Van Wert Daily Bulletin, The (Newspaper) - January 17, 1920, Van Wert, Ohio JMTABLISHED A. D. 1873. VAN WEKT, OHIO, SATURDAY, JAXtARY 17, 192O. PBICE TWO CENTS. EYES RESENT NEGLECT. fiyes that need glasses need good "ques- tionable" bargains. ICconomize in other things ii' you must, but don't treat your eyes like poor relations. II: you abuse or neglect them, they will exact a heavy penalty; loss of working efliciency, head- aches and a multitude of nervous disorders will re- sult. Assisted by Correct Glasses your eyes will prove faithful, capable servants; enable you to do more and better work with less effort. Shut-ins and evening ap- pointments made. X OHIO. In accord w'th the national fuel saving measures, we re- quest that our patrons who desire family washings, !aun- dried, to call by Wednesday of each week. The Empire Laundry W. Jackson St. 'Phone 1061, A RUDY FURNACE, With a Honeywell Heat Regulator is an Ideal Heating Plant. I install Regulators on every Furnace. C. L. EPPS, N. Washington tit. 'Phone 1187 VAN O. W. W. ULAJW, Chiropractor. Office 2nd Floor. Hutnp'u rays te Hughes Block. Oflice -phone e1 phone R.infj. >UFE5 BLtSSING- T he science of Optome- Iry Inis inudo. it possible for nearly everyone to en- joy Good Eyesight. By our curcful examination wo detect the true condi- tion, then wo jrrind the Lens to correct the defect and you have the comfort knd pleasure of Good Vi- sion again. If you would HIMES SPECIALIST I "We Grind Kryptoks." BAKER APPROVES WATERWAY PLAN Canal Project Agitated for More Than .20 Years Now Assured. ROBERT BEYER OPENS ROUTES TO BIG CITIES Uncle 'Sam Puts O. K. on Lakej-to-' Gulf Low- den of Illinois Gets Permit to Start Work. Chicago. .Inn. Hikes-fo-gulf waterway soon will he u reality. Governor received from Secretary of War Baker a permit for construction of a permuuent navigable waterway, including the necessary structure and improvement of iJesiplaiJios and Illinois, rivers from the termination of the sanitary dis- trict; channel at to head of navigation in Ih'o Illinois river at Utica. The douiimenl: now in tho hands of Governor contrary to ex- pectations, is practically free from re- strictions except as to development of water power, regarding which it pro- vides that Ihe state obtain permission from the power commission created (his week by act of congress, and con- form to the new power development statute. Silent on Diversion. The permit leaves the question of diversion of water from Lake Michi- which the federal govern- ment and sanitary district have been in coiillici: for status quo. Tt states: ''It; is to be undertsood this approv- al docs not authorize diversion of wa- ter from Lake Michigan through Ihe approval of: tin.1 federal government of the plans so far as concerns Ihe public Hah Is. of: navigation." Tbe permit, it developed, was- is- sued in "Washington some time, ago, bill; was delayed in the mails. It came to Governor l.mvden a IVw days airo aud was passed on by him to Frank 1. Bennett, director oC public works, ami to Air. Sackett, who Governor" Lowden rt'ganis as his waterway ex- pert. These, oflicials went; over the document with the was unollicially finding soir.e restriction or "joker" which would further delay the commence- ment of the project. "We wauled to make said Mr. Sackett. "that (here are no re- strictions which might make the per- mit useless." Work to Start Soon. The anuoimei-'uionl: was made that all was satisfactory and that work would begin about as soon as weather cinn'litions permit. "We already have disposed of a lot: ol: preliminary we eventually would get the necessary are ready to start: con- struction at: .some point along the route." Mr. .Sackett explained. "Some preliminary surveys have been made." said Mr. Bennett, "and designs for slrueilires are well ad- vanced. We can get out the bond is- sue already authorized by a referen- dum vote and start, work. The cost will be about Siin.dOO.dlXl. and Illinois will gel in return water power worth roughly a year. This power will save half a million tons of coal annually." The waterway will make navigable miles of rivers and will link Chi- cago ami the Great Lakes to some in.OrtO miles of navigable inland wa- terways. There will be a miminiuni channel depth of eight feet, with a hollotn width of -OO feet. There will be live locks feet long by 110 feel: wide. These speciticalions. Mr. Sacked de- clared, would permit operation of Heels with a total capacity of between d.'iOO .-Hid S.I Mil i ions. Kobeit Beyer, German chemist and inventor, was the first adult German to enter Boston since the war. Ky his own admission lie Is inventor of one of the ingredients of the German poisonous gases used in the war. Ue left Boston I'm- Chicago. BOLSHEVIKI IN ODESSA Chief Port of Russia on Black Sea Captured. British People Warned of "Red" Peril in Koichak's Army Routed. INDIANA RATIFIES SUFFRAGE Gives Overwhelming Majority in Both Mouses of ty-Sixth State. Indianapolis. Ind.. Jan. fed- eral amendment for woman's suffrage was ralitied by bulb luuises nt' ibe In- diana legislature, tneeting special session here. In Hie tile was id anil in Hie bouse !M> to 0. Iniliana is the twenty-sixtb state tn ratify (be amendment. BOLSHEVIKI OCCUPY ODESSA Chief Port of Russia on Black Sea is Captured by the Reds. P.asei. .Ian. Ibe chief of on ihe sea, has been occupied by Ibe b.ilsheviki. ac- cording in newspaper re- hero. Basel. Jan. the chief port of Itu'ssia on Hie Klr.ek sea. lias been occupied by the lio.'shcviki. ac- cording to newspaper dispatches re- ceived here. London. .Tan. of th'u British people is fixed on ilir near easl. recent bolshevik successes have carried the red Russian armies almost up to the threshold of .India, Persia, Mesopotamia, and Asiatic I'lirki-y. Cabinet members ami chiefs 'ol' the 1'rilish ai-iiiy ajid navy in Paris, whither they wore hastily .summoned, and ure conferring wish Premier David Tjloyd "George on military inn! naval matters in connection, it is be- lieved, with conditions Ijj souiliwesi- ern Asia. Apprehension was a rousted by the issuance of a pointing out the situation thai hao arisen through ihe enllaji.su of IVnikine's army in southern Jtiissia and bolshevik penetration of trans- Caspia. JViii only was it: admitted the menace from a .Russian bolshevik in- vasion of Hie. near east wa.s very real but ir was pointed out: that internal conditions in Persia, Turkey ami Af- grltnnislau wore- Ihreiiten.'.'jg. In Mesopolamia. too, thy P.ritisli are forced to contend with diHiciiliies aris- ing from racial dissension It. is said that a soviet advance Hiat captures the Crimea would make lllack sea virtually u Uussian bolshevik lake, am' il was further indicated that Great Britain could Impe for little help from 1be new republics of Ceru-gia. liairhes- tan and Azerbaijan, which are direi-i- ly in the path of ihe soviet advance. The situation which now confront.- Great Britain and more or less Japan and China, is not of sudden growth, however. For Hie last 01 more the bolsheviki have had an al- most: unbroken series of sticcesse.- whicii have swept them forward on all fronts where their forces are be- lieved In be formimiblo Admiral Kolchak's army in seems io have boon' completely do foaled if not dispersed. Tin: reds an far east of Krasnoyarsk vi'.d are mov- ing nearer Irkutsk. While reports fron. Siberia have dealt almost entirely wit Ii operations along the Siberian railroad, occasional advices have indicated th< bolshevik! have moved far south ol that line and have established them- selves near the .Mongolian I'roivliet .southwest of Irkutsk. Thinly veiled threats resort tfi methods of terrorism should ihe bol- Sheviki be opposed by this entente, an contained in a wireless re- ceived here from .Moscow. It is said capital punishment will inllicleil upon enemies eof the soviet, govern- ment only when' sentences jn-c -ap- proved by the all extraordi- nary commission, but :i return tc wholesale execulions was hinlei! should the entente nations take to coniliat holsbevisni. Winnipeg Dailies Suspend. Winnipeg, ''an., Jan. of the shortage of newsprint the three daily papers in this city announced that I hey would suspend publication. The three editorial staffs will unite in issuing a one-page paper. DEFEAT "TIGER" Senate and Chamber Caucus Dis- cards Clemenceau for Paul Deschanel. RADICALS SHOW STRENGTH President of the Chamber of Deputies Leads the Premier by 19 Polncare Declines to Run for Re-Election. Paris, .Tun. Georges Clemenceau went down to defeat at Ihe hands of his countrymen in a cau- cus of the senate and chamber of dep- uties to choose a candidate for the presidency of the republic. M. Clemencenu thereupon an- nounced his withdrawal from the con- test and asked his supporters to cast their votes for the re-election of Pres- ident Poincare. The vote resulted as follows: Paul Deschanel. president of the ch imlKjr of deputies, -JOS; Premier Olomenccau, chnrles C. A. Jounart. recently elected senator, 4: Leon Bourgeois, "French representative in the League of Nations, 3; Marsl.nl Focli, 1 Presi- dent Poincare, lii. Senators and deputies after tin? eaU- ctis In which Paul Deschanel, presi- dent: led the premier by 1.9 votes, gen- erally expressed the opinion (hat the vote means the elimination from pub- lic life, of "the fatlier of victory." Pre- mier Clemeneea.li being neither a "sen- ator nor ;L deputy. Poineare Declines to Run. M. CIcmenceau's -friends are already searching for another candidate as President Poincareris reported to have refused to accede to the demand of a deputation that u candidate for re-election. He is said to have re- newed emphatically the expression of his determination 'Hot: to lie n candi- date. I Never before in fhe-history of presi- dential olectiims has a plen- ary caucus been attended by such a large number of deputies and senators, S2t out of StlM being present. Hereto- fore! it. has been the custom to call a caucus only of (he parties of the left, but; today Paul noseband stands as the chosen candidate both of (he cham- ber and the parties. Radicals Support Deschanel. Neither Premier Clemi'iicean nor M. Deschanel were, present at: the cau- cus, but: former Premier P.riatid, An- dre Lefevre and Kdonanl Iferriof, the bitter the new president of the radi- cal parly, were conspicuous in mar- shaling the Deschanel forces, while Georges Mandel. formerly Premier Cle- mcnccan's confidential secretary, and Ivlouard Ignace were, canvassing on behalf of M. Clomenccau. The voting commenced sluggishly at two o'clock, hut: at: three o'clock an avalanche' of senators and deputies descended upon Ihe voting place and flic polling became brisk and excited. Those presiding at: the voling lalfle were fairly swamped by the venerable senators and young deputies anxious to cast Iheir voles before tin; polling closed at four o'clocV. A few bets were recorded, with M. Clemenceau the pronounced favorite. Views Differ on Defeat. There were naturally two views of the dofcal of the premier, who for more than two years, by his forceful personality and courage, had ruled both houses of the parliament wiih an Iron hand. One of the senators who was opposed to this premier remarked: "M. Clemencoan has been victorious against many attacks in the cham- ber ami senate in the last two years. Tliis was because he. was fighting for Franco. When he seeks personal hon- ors, however, he goes down to defeat." (in Ihe other hand, many of tin; dep- uties and senators who had supported the premier lingered in the courtyard of the'Luxembourg after the close of I ho ha Mot ing, sadly commenting upon the outcome. will illuminnte said one of Ibis group, while others of the participants in the balloting were male- ing their way homeward, manifesting Iheir exultation by singing and shout- ins. MALCOLM KERLIN STRIKERS SLAIN IN GERMANY Rioting Takes Place in Essen Region Where Miners Are 15 Berlin Plotters Held. Malcolm Kerlin, assistant, postmas- ter of the Washington post nllir-o. lias resigned to become a member of the Unilc'd States bureau of eftieieney. as an examiner. Mis first duly will he in connection with the: reelassih'eation of postal employees throughout the country. 4 DIE IN EXPLOSION Score of Others Are Seared by Flaming Oil. East Chicago (Ind.) Refining Plant Blast Probably Fatally Injures Many Workmen. Kast Chicago. Ind., .Tan. nifii were burned (o death by boiling oil and about twenty others were in- jured when a coke still exploded at the plant of ihe Sinclair Oil Helming company here. The blast, which shook (he entire plant, couid he heard a miiT; aw.ny. resellers to reach the .scene found the injured in agony, staggering about, blindly in their steaming, oil- Mrenchetl cloihing. The four victims were burned beyond recognition. Ow- ing to the fact that Ihe explosion oc- curred just as Ihe workmen were changing shifts, identification of the bodies could IK; accomplished only by a process of elimination in checking over tjie lists. Those killed were: Andrew I'.oilney. Whiting; U. Gib- son, Chicago; John Tloruak. JCast Chi- cago; Albert Grtiening, Hammond. Kloven men. burned by oil, were taken to St. Margaret's hospital in Hammond. Four of them were able In return to iheir homes in Whiting after receiving medical trealment. The more seriously injured, still in I lie hospita I. are .rohn McFudden, F.asf Chicago; Nate Taylor. Whit ing AValter Oliver, Whit- ing: Lowell Cook, Whiting: C. H. Miller. Whiting; L. W. Wolfe, Whit- ing; Fred (lavish. Whiting. LEAGUE HOLDS FIRST SESSION World Union Formally Started in French Foreign Office at Paris. PROTEST FROM THE IRISH Document Signed by "Ouklaigh Duffy" Registers Objections to League of Nations and Calls It an "En- gine of Empire." RUSS BALK AT U. S. REDS Soviet Official Declares That His Country Is No Dumping Ground for Agitators. TTelsingfors, Finland, Jan. cal agitjitors deported from Americn will lie njirol'iilly examined hefore they arc pfi-mit.tod to enter Tlussiu, accorfl- to :i .statomnnt made 1o a oorrc- hy 5f. Klisliko, soerotary Of tlio soviet delegation at: Dorpat, inl'orvicvvefl on the subject u .sliort time ntro. AT. Klishke and liis col- lengtie. INT. ICenkondorfr. wore asked u'b.-if: Tlnssift will do witli the radicals sent to Knrope on board "soviet ark" Buf.ord. They professed lo be uninformed on the subject, Im't said ".Soviet: Russia will not allow itself to be used as a dumping ground for atcitutors from America." TO RAISE RUSSIAN BLOCKADE Supreme Council at Paris to Permit Soviet Government to Trade With Neutrals. Essen, Orinany, .Tan. 17- Several persons have been killed nnd wound- ed in disturbances at Dnisburg. Stock- radn and other towns in the industrial district, where miners are strik- ing. The DiisseldorH region has been] declared under a strict; stale of siege. Troops have intervened at Frankfort to enforce orders prohibiting an inde- pendent socialist demonstration pro- testing against the. "assassins" of Ber- Paris, Jan. blockade of soviet. Unssia is about to be lifted. io this effect was reached by tho supreme council here. It, was an- nounced ihe conferences had agreed lo pel-mil soviet: Kussia to import from neutral countries agricultural Implements, food supplies and medi- cines. The announcement: emphasized, however, that the allies' political at- titude inward the holsheviki is 1111- cha lined. Tbe "political altitude" hitherto pursued is that the allies will no! rec- ognixe die bolshevisl government of l.'ussia unless and until a i-onstil nenl assembly lias been convoked and has expressed the will of ihe majority of the Russian people. Paris, -Tan. of France. V.rilain, Italy. Greece, Itelgium. Spain, Japan and T.ray.il. members of (life council of Ibe "League of Nations, met in the "clockrocmi" of tho Frencb foreign oflice for the first meeting in Ihe history of the league. Tin; council at 10'MO o'- clock by elect ing Bourgeois chairman and confirming, the choice, of Sir Kric Pruniinond of Great P.rltain as general secretary, Tbe first ollicial act of the council was Die appointment; of a commission to trace upon the spot the frontiers of the territory of the S.-trre basin. council received tin- first, formal protest to be presented (o it almost before it: came into being with today's intial session. Tbe protest was from envoys of the elected government of the Irish republic'' against "the un- real English Kiimilance of an inter- national league of peace.'1 Bourgeois in Address. l.eon Kourgcois, representa- tive, who presided, said: "Tbe task of presiding at this meet- ing and inaugurating this great inter- national institution should have fallen to President Wilson. We. respeet the reasons which still delay final decision by our friends in "Washington, but ex- press the hope that their diflieulties soon will bi: overcome and that a rep- resentative of the great American re- public will occupy the place awaiting him among us. Tho work of the coun- cil will then assume definite charac- ter and will have that particular force which should be associated with our work. "Jan. HG. 1020, will go down -in his- tory as the date of the birth of a new world. Decisions to lie reached will lie in the name of all nations adher- ing to the first covenant, of the league. It will be the first decree of all free nations leaguing themselves together. for the first time in the world to sub- stitute right for might. But the or- ganisation of the toajrtin of Nations will not: be complete until the assem- bly of all the states meets." Gives British Views. Earl Curzon, British secretary of state for foreign affairs, and that na- tion's representative on the council of fbe league, said "On behalf of the British empire !l desire to express the loyalty of my government and the external domin- ions of the British crown to the spirit underlying- the covenant: of the League of Nations. Tt: is our intention, by every means in onr power, to insure its practical efliciency. Tt is our firm belief that through its Instrumentality alone we can hope to insure that such miseries that the world has experi- enced during the last: five years shall not be repeated and that a era of International relationship shall dawn. "The Tjeagiie of Nations is an ex- pression of Hie universal desire for saner methods of regulating affairs of mankind, and provides machinery by which practical effect: may be given the principles of international friend- ship and good understanding. The suc- cess of the labors of the peace con- ference is a good augury for the fu- ture of the league of Nations. For the first, time an attempt: was mnrto to bring together under the auspices of the league representatives of govern- ments, and labor, and an advance exceeding the results of tlip entire work of the previous quarter of a century has been made in the field of international action on industrial Next Meeting in London. All the members of tho council call- ed for by the covenant of the league, with (ho exception of the representa- fives of the United States. pros- ent when M. Bourgeois called the meeting lo order. After tho appointment of the com- missioners, M. Bourgeois proposed T.omlon as the place for tho next moot- ing of the council and this was ap- proved. Tjord Ciirxfm suggested leav- ing the date and the order of business open, to be decided by ibe chairman and the secretary, since. said, "It will be necessary to consult the United States on a great many questions like- ly io arise." indeed! Fe Is n wise man who can on oc- casion put up or shut lie is a wiser man who can put up and shut Morning News. U. S. MARINES IN FIGHT Americans and Gendarmerie Re- pel Attack in Hayti. Yanks Pursue Outlaws Rebels Are Killed or Cr.ptured. Vi'ashingloir, .Tan. States aud gendarmerie re. pelled MII jiilack on Port an Prince, tho llaytiau capital, by ;i force of 300 bandits, more than liulf of whom were killed, wounded or caplii'-ed after be- ing pursued outside ihe city, the department was aitfiseit. The casualties of Hie. marines were two privates wounded, according to Hit; report of the engagement re- ceived at. tlie navy department today from Col. II. Kussell. commanding Hie marine forces aud gendarmerie In Haiti. The bandit: force-, Col. Russell said, approached I'ort an I'rinee in three columns, which immediately were met and driven back. Certain revolutionary elements o( the city attempted to join the bandits in the assault, he said, milling that believed the fate of the attacking forces should be "suflicient to prevent an curly repetition of the .-.Msault." Honolulu, T. II.. .Tan. .Tap- anese foreign oflice has announced thai, a forma! note will lie sent to China asking the appointment of n commission to negotiate with .Tnpan rejrarillny the restoration ot Slum- lung, according tn a Tokyo cubic ills- patch to the IVippu Ulii, a Japanese language newspaper' here. WALTER TABOR DENIES TALE Brother of Woman Whose Body Waa Found in Trunk Repudiates Alleged Confession. Mich., .Tan, sec- ond sensation to stir Knlaraazoo and Paw within twelve hours was sprung when Walter Tabor, brother of the Law ton trunk mystery victim, Maud Tabor, repudiated an alleged confession which charged his SO-year- old mother with the murder. He de- nounced-. -Gladstone Ee.ittie, appointed by the Van Euren county supervisors to handle the case, for "seenring evidence under false pre- GREAT LAKES CHECKS "FLU" Sailors Who May Be Affected Are Given Hospital Treatment Without Delay. Chicago. .Tan. hospital treatment for every sailor whose tem- perature showed the least rise has checked the spread of influenza at the Great: Lakes training station, Com- mander Hit [us W. Kugboum, .Tr., execu- tive officer, believes, he said. Many, of the cases appearing in the vicinity of Chicago were at the naval Which n'.is niif under THE MARKETS Grain, Provisions, Etc. Chicago, Jan. 16. Open- Hisrh- Clos- itiK. est. e.st. ins. .Ta.n. ...1.3S 3.3S% 1.36% 3.37 Feb. ...l.xey. 1.38% 1.3fl% May 1.32V- 1.32TJ July I.S2V4 1.31 -July Rye-- Jan. ...1.75% 1.75V. 1.75V-'. May ...1.S2 l.S2V-i 1.79% lots, per brl. 9S Ib sack ba- sis: Rye, white, In Jute. dark rye, spring wheat, special brands, to retail trade, IG.fKr; bard spring. J14.anifi-H.SO; first (fi-10.30: second clears, IB.fiO-a 7.00: hard win- ter, soft winter, Sll.oOffill.flO. and Xo. 1 timothy. J31.0< standard and No. 1 mixed. 31.00; Xo. 1 and 2, l2S.00-fiSO.OU: No. 3 tim- othy. clover, extras. 92 score, (Vic; higher scorlns" commanjls a premi- um; firsts, score, S9o; SS-flO. score, seconds, score, .central- Izud, ladles, renovated, packing stock, Prices to re- tail trade: Ustra tubs. prints. GSc. firsts, Sic: fresh long and short held. miscellaneous lots, cases included. cases returned, extra, pMckcd in whitewood cftses, chcoks. XHfiWc; dirties. 4ntSGOc; re- friirerator firsts. 49c; extras. 40c: "fowls, roosters. L'Oc: sprtnK chickens, 27u; ducks, rt-lc: neese. 27c. DIIHSSKP Turkeys. HOo; fowls and sprlnss. roosters, POTATOES 100 Ibs. northern, round, heavy steers. J17.5CKS Rood to choice steers. mcdiiini to Kf'id steers, fait tn modiuni steers. ycarlinjrs, fair In rhoii-c. stockers ana forders. seed to prime cows, fair to lino heifers. fair to good cows, 10.50; canners, cutters. liolosna bulls, ?7.75'firS.7.'i: hulls, ?7.W57tt.50; veal calvps. 1S.SO. I liRht butchers. 15.10; medium wt. butchers, wl. butchers, 270-350 Ibs. fair to fancy linrht. inixe'J JH.T'vfMS.L'O: heavy pack- inpr. roiiRli packinjr. yearlings, western lamhs. native larnbs, Inmbs, wnthnrs IS 7SW11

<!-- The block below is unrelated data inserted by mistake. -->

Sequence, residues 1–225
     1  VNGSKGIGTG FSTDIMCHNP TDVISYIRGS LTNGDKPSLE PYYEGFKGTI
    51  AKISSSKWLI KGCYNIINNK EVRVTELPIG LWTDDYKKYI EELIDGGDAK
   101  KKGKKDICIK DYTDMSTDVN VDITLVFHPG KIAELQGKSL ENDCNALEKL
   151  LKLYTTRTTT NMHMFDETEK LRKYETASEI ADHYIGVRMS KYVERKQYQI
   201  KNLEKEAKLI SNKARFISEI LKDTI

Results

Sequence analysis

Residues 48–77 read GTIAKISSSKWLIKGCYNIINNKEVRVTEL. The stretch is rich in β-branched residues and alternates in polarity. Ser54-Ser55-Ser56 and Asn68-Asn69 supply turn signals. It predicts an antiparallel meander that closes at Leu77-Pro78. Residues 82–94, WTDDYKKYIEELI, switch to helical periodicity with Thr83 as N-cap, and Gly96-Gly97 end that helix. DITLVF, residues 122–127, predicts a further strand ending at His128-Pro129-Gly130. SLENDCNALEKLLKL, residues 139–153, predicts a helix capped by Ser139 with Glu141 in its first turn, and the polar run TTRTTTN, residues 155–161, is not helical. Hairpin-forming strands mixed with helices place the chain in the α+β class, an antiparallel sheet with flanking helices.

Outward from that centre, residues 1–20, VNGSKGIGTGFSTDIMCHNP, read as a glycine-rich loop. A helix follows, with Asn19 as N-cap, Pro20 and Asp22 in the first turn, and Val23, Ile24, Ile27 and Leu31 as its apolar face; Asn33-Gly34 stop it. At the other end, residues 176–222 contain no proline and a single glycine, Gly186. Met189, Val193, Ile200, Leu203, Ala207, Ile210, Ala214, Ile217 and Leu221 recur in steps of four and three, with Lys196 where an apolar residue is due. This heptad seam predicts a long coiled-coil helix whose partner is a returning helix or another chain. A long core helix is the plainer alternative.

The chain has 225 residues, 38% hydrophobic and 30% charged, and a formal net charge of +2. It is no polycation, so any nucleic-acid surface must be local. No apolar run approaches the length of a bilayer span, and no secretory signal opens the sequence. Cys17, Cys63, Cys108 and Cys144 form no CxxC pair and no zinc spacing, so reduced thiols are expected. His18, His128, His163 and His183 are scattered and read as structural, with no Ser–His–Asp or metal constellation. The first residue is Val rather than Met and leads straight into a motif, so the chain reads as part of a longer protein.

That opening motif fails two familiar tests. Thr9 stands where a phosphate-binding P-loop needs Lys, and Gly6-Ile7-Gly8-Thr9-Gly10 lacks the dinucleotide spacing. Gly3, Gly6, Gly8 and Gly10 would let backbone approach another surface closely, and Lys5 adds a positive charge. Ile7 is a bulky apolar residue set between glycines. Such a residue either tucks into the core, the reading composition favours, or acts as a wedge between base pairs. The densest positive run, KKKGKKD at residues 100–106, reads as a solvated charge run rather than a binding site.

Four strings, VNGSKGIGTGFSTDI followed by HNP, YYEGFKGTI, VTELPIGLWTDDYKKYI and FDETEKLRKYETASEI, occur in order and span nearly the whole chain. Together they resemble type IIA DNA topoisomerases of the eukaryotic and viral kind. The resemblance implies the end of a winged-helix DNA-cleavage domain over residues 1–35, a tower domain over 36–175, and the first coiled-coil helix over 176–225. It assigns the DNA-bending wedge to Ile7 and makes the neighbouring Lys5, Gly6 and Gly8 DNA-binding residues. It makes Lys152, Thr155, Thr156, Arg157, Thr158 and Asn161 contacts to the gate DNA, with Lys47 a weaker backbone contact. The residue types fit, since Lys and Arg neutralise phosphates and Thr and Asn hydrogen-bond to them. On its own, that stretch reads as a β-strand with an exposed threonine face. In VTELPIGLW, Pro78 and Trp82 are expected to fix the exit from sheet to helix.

Once upon a time newspapers were our main source of information. Now those old newspapers are a reliable source for hundreds of years of history and secrets of the past. Now you can search for people, places, and events without the hassle of sorting through mountains of papers!
Newspaper Archive is the world's largest online newspaper database featuring over 130 million newspaper pages. Plus our database expands by one newspaper page per second for a total of around 2.5 million pages per month! The value of your membership grows along with it.
Those looking to find out more about their forefathers can empower their genealogy search with Newspaper Archive. Within our massive database, users can search ancestors' names for news stories and obituaries. We must understand our past to understand our future!
24 hours a day Monday-Saturday
Your full introductory membership payment will be credited toward the cost of full membership any time you choose to upgrade!
"It is amazing how easy and exciting it is to access all of this information! I found hundreds of articles about my relatives from Germany! Well worth the subscription!" - Michael S.
"I love this site. It's interesting to read articles about different family members. I've found articles as well as an obituary about an uncle who passed away before I was born, and another about a great aunt. It's great for helping with genealogy." - Patricia T.
"A great research tool. Allows me to view events and gives me incredible insight into the stories of the past." - Charles S.